In the shoulder seasons - it runs for 10 minutes or so and then shuts off for a while. These temps are way lower than should be necessary. I don’t believe the chiller is the problem - I do think it could be not enough cooling capacity reaching the AH’s

    The series approach is my second - the water temp only drops a degree or two max between the two air handlers. The original design fed both air handlers prior to return water entering the stream - it did not run well - but the feed lines were a lot longer, and I’m not sure if the total dynamic head was more than the bumblebees could overcome. I am thinking a manifold with dual feeds would be better - I need someone with experience to help with the calculations so I only need to redesign this one last time.

    Cheers,

    Ron
    Energy Kinetics EK1
    SpacePak 3 ton Chiller
    Aircell Air Handlers
  • neilcneilc Member Posts: 917
    can you tell the water temps in and out of each air handler?
    and same question for the air temps, both return, and supply

    if you're cycling 33/43 water at the chiller,
    why isn't, where is the transfer at the AHs?
  • RonnieJRonnieJ Member Posts: 41
    Hi Neilc, Thanks for your question. We're not in cooling season, so I can't provide modern numbers. The history was that I first installed using a reverse return flow design - meaning the cold water intakes both were fed prior to the returns, and with the Aircell 2" feeds right off the air handler to the supply orifices in the ceiling. I changed main pump to get past flow errors - too much total dynamic head. I also added individual bumblebee pumps to feed the air handlers. This was all based upon advice I was getting from the rep. This is when the temps in this chart were taken. Next, I installed the 7" trunk lines, and added a few extra 2" supplies. This improved the system performance -but still have the issues I've posted about. Also - these readings are from an inexpensive laser reader - $30 or so. I've read that flat black tape helps with temp reading - it was hard to get consistent measurements.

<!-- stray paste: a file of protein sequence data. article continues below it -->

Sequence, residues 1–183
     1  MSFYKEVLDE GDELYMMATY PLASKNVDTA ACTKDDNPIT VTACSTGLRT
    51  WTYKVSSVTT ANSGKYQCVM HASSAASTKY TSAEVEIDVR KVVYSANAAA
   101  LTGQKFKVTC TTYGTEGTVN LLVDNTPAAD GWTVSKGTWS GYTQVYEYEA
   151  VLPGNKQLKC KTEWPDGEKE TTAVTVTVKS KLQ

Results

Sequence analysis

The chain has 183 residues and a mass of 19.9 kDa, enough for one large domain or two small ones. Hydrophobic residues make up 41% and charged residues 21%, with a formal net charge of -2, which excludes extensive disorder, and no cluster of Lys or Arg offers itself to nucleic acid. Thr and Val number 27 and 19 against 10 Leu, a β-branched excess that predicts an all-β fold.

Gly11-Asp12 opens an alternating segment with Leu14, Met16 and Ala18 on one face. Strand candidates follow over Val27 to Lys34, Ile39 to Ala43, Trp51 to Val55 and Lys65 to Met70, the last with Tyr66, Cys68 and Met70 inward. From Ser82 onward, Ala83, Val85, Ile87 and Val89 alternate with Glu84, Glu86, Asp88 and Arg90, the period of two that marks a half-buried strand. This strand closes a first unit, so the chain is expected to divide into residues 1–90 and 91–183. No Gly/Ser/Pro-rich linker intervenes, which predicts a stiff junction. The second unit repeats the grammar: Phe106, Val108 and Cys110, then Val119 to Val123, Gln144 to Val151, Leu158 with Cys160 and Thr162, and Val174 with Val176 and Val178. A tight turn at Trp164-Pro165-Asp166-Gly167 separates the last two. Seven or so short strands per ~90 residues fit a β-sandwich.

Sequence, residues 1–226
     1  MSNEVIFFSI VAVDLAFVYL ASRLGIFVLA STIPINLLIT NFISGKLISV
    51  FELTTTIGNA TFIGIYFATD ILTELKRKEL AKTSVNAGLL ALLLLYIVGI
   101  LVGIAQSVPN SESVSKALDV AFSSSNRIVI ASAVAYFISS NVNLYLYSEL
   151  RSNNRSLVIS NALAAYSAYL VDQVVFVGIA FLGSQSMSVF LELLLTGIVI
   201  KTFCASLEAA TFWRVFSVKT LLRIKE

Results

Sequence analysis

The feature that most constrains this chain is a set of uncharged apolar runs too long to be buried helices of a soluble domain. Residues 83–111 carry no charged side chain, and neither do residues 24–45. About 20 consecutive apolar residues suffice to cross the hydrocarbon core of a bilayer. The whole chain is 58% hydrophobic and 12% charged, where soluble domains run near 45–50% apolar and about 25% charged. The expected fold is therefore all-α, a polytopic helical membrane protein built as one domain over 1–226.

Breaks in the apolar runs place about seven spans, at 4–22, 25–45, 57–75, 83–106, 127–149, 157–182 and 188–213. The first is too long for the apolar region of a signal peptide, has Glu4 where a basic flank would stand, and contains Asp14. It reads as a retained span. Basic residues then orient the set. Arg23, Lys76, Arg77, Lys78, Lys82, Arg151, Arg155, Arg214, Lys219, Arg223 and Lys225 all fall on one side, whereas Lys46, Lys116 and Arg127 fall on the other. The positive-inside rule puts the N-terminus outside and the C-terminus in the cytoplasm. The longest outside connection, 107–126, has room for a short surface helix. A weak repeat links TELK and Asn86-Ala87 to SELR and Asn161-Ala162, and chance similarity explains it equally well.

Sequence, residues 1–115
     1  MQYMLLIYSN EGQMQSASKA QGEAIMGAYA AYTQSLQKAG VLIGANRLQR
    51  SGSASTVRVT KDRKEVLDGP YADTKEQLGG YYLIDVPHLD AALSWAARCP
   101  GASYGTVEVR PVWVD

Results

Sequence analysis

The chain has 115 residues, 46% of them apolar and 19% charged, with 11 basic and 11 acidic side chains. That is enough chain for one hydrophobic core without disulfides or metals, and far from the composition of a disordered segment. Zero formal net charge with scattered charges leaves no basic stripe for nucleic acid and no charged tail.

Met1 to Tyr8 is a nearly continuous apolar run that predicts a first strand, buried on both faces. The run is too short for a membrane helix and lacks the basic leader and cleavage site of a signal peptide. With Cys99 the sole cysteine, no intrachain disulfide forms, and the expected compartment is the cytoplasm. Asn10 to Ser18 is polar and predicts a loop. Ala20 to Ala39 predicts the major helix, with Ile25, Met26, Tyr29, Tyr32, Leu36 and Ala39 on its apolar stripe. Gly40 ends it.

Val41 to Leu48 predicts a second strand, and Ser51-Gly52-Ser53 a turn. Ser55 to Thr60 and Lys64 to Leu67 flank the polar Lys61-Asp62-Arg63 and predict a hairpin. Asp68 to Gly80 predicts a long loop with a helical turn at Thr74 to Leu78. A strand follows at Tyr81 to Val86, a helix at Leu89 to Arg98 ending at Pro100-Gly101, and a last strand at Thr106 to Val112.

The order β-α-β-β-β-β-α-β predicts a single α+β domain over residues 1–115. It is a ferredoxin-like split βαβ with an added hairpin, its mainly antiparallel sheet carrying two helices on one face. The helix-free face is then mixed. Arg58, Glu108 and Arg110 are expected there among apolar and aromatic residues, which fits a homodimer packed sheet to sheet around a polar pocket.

These readings are the current pipe design, but prior to the 7" trunks being installed. I have taken readings since, but I had not saved them. Take a close look at the chart please - the glycol supply and return headings are measured at the air handler supply and return right at the coil. The coil temp is at the fins inside the unit. The air supply and return temps -I picked the best case typically - so the outlet at the ceiling, and the return airbox in the central hallway. Please note - I was experimenting with water temperatures at the chiller - note the blue headings showing outside temp, and chiller temp range. The bottom one was where I kept the temp in a tight range to reduce fluctuations to get a good bead on the measurements -it's now set to 33 to 42. I need a hot day to measure again - it's only 65 out today. These are from 2015.

    I would like to see a greater temp differential - I was told it was pretty good - but to be clear, I am not an HVAC tech, if that's not already painfully obvious ;-)